ADK @ Catskills?

General Topics about Hiking in the Catskill Mountains that are not trail related

ADK @ Catskills?

New postby Manitou » Wed Dec 20, 2017 12:24 pm

hi Everybody,

My 1st post here. I grew up in the Catskills and have been to many areas detailed on this site (and a few that are not). I'm wondering which areas of the Catskills would be reminiscent of the Adirondacks, e.g. expansive/thick boreal/old-growth forest, porcupines, red squirrels, north faces, high elevations, etc.

I have 3 general areas in mind so far:
1) Slide Mountain + tributaries on the north/northeast sides & Deer Shanty tributary to the southwest
2) North Mountain + Winter Clove tributary to the north
3) from High Peak to the tributaries northeast of it

Edits, confirmations, or additions? Thanks!
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Re: ADK @ Catskills?

New postby Jon » Wed Dec 20, 2017 8:03 pm

I would say anyplace without exposed rock. The catskills and Adirondacks are very different geologically, and this causes very different form of the landscape.

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Re: ADK @ Catskills?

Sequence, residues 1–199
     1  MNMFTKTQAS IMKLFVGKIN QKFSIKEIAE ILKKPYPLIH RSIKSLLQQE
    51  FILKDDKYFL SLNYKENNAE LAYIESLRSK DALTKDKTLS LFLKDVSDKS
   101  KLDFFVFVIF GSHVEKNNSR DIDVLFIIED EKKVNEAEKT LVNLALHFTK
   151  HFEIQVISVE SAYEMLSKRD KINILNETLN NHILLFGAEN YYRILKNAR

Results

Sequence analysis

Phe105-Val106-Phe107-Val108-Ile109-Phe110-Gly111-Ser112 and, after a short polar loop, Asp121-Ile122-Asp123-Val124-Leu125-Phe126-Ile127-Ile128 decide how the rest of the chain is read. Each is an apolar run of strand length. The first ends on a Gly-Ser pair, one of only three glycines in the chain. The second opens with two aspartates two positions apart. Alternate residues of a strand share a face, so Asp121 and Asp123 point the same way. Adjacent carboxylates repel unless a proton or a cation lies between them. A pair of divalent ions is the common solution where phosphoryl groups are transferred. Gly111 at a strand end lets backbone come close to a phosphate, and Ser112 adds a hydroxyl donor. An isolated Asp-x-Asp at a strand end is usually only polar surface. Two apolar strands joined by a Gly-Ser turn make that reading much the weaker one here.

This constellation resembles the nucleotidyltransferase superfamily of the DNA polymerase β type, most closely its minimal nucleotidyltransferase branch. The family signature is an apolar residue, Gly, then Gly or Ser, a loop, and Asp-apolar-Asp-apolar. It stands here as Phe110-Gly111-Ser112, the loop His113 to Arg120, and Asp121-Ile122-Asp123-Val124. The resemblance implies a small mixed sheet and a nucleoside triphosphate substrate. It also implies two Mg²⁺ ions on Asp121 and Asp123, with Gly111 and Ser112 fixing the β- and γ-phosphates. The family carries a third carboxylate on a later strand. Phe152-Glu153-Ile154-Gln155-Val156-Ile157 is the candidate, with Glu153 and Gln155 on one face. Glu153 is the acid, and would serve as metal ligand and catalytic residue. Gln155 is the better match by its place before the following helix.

New postby mike » Wed Dec 20, 2017 10:38 pm

Not sure those locations have old growth forest. North Mountain definitely doesn't. But North Mtn now has a thick forest with conifers. To find old growth forest, you really need to see Mike Kudish's book on the Catskill Forest.

there might be old growth in Winter Clove up near the Escarpment. I don't think the the Little Stoppel Point ridge is old growth.

KHP down to Kaaterskill Creek was pretty much cut clean. The saw mill was at the bottom of the creek. But, there are still a few old growth conifers in the Buttermilk Ravine. Some of them are 4' in diameter.

Much of the Slide Mtn Wilderness was cut clean.

Due to people cutting trees on NYS land in the Catskills (in particular the Slide Mtn Wilderness) is how the "Forever Wild" and the strong protection of state land came about. The State bought land to keep people from cutting them clean. But, after the land was purchased from the State, people just kept on cutting on the land. This is how we ended up with the laws we have now. So, finding old growth forest is more difficult in the Catskills then in the ADKs.

You can find lots of porkies on Huntersfield Mountain. there are some on Bearpen also.

Ground rodents had a very poor population from 1900 to around 2010. After the large snow storm in 2010, which left 7' of snow, coyotes and bobcats were virtually wiped out. Now we are starting to get more squirrels and chipmunks in the Catskills. This is causing owls to also return to the Catskills.
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Re: ADK @ Catskills?

New postby dundee » Thu Dec 21, 2017 8:40 am

The only places I can think of for old growth and spruce/fir would be the summits. Here, the trees were probably too small to be cut. Plateau might be a good example. Bearpen is old growth on the summit, but it's a hardwood forest.